In the early part of the Cambrian Period — which started about 538 million years ago — echinoderms likely lived on that algae-like substance in shallow seas that covered many areas of the planet. The algae, Babcock said, probably was not unlike the cyanobacterial mats that appear in certain lakes, including Lake Erie, each summer. But at some point, those algae-like substances became appealing food for other creatures, including prehistoric snails. During the Cambrian, as the population of snails and other herbivores exploded, the algae-like cyanobacterial mats began to disappear from shallow seas, and sediments became too physically unstable to support the animals — including echinoderms — that had come to rely on them.

Once their algae-like homes became food for other animals, Babcock said, echinoderms either had to find new places to live or perish.

Paleontologists knew that the creatures had somehow managed to survive, but until the Ohio State researchers’ discovery, they hadn’t seen much evidence that an echinoderm that lived this long ago had made the move from living stuck to cyanobacterial-covered sediment to living attached to hard surfaces.

“This evolutionary choice — to move from mat-sticker to hard shelly substrate — ultimately is responsible for giving rise to attached animals such as crinoids,” Babcock said. “This new species represents the link between the old lifestyle and the new lifestyle that became successful for this echinoderm lineage.”

Sea cucumber fossil relative discovery


This is a 3D reconstruction of Sollasina cthulhu. Tube feet are shown in different colors. Credit: Imran Rahman, Oxford University Museum of Natural History

From the University of Oxford in England:

Cthulhu‘ fossil reconstruction reveals monstrous relative of modern sea cucumbers

New species of extinct sea cucumber named Sollasina cthulhu, for its resemblance to H.P. Lovecraft’s famous monster

An exceptionally-preserved fossil from Herefordshire in the UK has given new insights into the early evolution of sea cucumbers, the group that includes the sea pig and its relatives, according to a new article published today in the journal Proceedings of the Royal Society B.

Palaeontologists from the UK and USA created an accurate 3D computer reconstruction of the 430 million-year-old fossil which allowed them to identify it as a species new to science. They named the animal Sollasina cthulhu due to its resemblance to monsters from the fictional Cthulhu universe created by author H.P. Lovecraft.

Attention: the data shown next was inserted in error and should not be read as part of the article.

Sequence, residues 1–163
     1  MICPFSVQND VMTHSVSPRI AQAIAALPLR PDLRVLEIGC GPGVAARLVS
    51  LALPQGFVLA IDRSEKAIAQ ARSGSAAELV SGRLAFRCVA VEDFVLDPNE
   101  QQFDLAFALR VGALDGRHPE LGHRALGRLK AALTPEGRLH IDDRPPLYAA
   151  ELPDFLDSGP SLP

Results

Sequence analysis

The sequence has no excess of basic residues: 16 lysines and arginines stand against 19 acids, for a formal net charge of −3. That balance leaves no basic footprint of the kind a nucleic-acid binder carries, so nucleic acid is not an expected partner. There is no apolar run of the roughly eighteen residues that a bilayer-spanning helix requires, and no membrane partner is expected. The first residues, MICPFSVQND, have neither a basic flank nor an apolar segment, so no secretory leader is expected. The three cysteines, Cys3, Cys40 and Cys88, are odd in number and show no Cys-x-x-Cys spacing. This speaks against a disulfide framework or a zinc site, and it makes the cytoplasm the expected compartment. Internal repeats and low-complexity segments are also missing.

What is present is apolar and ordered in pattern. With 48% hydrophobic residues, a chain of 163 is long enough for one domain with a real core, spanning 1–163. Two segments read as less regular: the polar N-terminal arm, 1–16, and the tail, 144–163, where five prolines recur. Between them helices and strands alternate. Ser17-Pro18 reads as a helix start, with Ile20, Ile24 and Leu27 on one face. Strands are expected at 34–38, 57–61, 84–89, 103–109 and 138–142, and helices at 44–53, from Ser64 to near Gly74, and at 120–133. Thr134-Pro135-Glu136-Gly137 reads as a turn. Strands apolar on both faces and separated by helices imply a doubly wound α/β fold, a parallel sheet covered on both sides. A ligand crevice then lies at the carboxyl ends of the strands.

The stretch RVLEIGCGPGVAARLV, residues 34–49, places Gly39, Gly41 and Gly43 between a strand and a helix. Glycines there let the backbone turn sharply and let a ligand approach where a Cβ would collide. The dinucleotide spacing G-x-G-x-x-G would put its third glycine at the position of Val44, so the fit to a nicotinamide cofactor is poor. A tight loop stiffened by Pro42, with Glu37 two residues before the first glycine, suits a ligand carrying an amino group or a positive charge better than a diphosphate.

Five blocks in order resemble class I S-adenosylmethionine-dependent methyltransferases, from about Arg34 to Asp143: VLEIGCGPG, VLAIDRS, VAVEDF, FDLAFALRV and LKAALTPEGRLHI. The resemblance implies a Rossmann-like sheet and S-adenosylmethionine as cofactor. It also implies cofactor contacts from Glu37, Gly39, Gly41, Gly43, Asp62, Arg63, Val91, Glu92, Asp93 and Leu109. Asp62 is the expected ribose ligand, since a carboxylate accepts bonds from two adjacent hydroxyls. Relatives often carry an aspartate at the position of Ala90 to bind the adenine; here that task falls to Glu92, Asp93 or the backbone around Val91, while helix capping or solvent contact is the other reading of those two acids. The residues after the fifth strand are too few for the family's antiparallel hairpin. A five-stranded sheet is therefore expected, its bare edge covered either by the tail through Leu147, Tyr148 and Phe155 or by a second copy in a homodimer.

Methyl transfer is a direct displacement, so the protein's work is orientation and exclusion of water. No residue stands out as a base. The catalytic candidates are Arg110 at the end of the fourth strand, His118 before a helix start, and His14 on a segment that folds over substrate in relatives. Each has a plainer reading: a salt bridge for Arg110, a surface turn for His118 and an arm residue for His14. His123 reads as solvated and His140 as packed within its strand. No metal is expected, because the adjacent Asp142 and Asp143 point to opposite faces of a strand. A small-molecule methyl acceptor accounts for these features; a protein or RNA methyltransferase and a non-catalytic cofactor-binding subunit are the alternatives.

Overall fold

Although the fossil is just 3 cm wide, its many long tentacles would have made it appear quite monstrous to other small sea creatures alive at the time. It is thought that these tentacles, or ‘tube feet’, were used to capture food and crawl over the seafloor.

Like other fossils from Herefordshire, Sollasina cthulhu was studied using a method that involved grinding it away, layer-by-layer, with a photograph taken at each stage. This produced hundreds of slice images, which were digitally reconstructed as a ‘virtual fossil’.

This 3D reconstruction allowed palaeontologists to visualise an internal ring, which they interpreted as part of the water vascular system — the system of fluid-filled canals used for feeding and movement in living sea cucumbers and their relatives.

Lead author, Dr Imran Rahman, Deputy Head of Research at Oxford University Museum of Natural History said:

“Sollasina belongs to an extinct group called the ophiocistioids, and this new material provides the first information on the group’s internal structures. This includes an inner ring-like form that has never been described in the group before. We interpret this as the first evidence of the soft parts of the water vascular system in ophiocistioids.”

The new fossil was incorporated into a computerized analysis of the evolutionary relationships of fossil sea cucumbers and sea urchins. The results showed that Sollasina and its relatives are most closely related to sea cucumbers, rather than sea urchins, shedding new light on the evolutionary history of the group.

Co-author Dr Jeffrey Thompson, Royal Society Newton International Fellow at University College London, said:

“We carried out a number of analyses to work out whether Sollasina was more closely related to sea cucumbers or sea urchins. To our surprise, the results suggest it was an ancient sea cucumber. This helps us understand the changes that occurred during the early evolution of the group, which ultimately gave rise to the slug-like forms we see today.”

The fossil was described by an international team of researchers from Oxford University Museum of Natural History, University of Southern California, Yale University, University of Leicester, and Imperial College London. It represents one of many important finds recovered from the Herefordshire fossil site in the UK, which is famous for preserving both the soft as well as the hard parts of fossils.

The fossil slices and 3D reconstruction are housed at Oxford University Museum of Natural History.

Sea cucumber poop helps ecosystems


This 3 September 2018 video says about itself:

Sea Cucumber Poop Is Surprisingly Good For the Ecosystem | Nat Geo Wild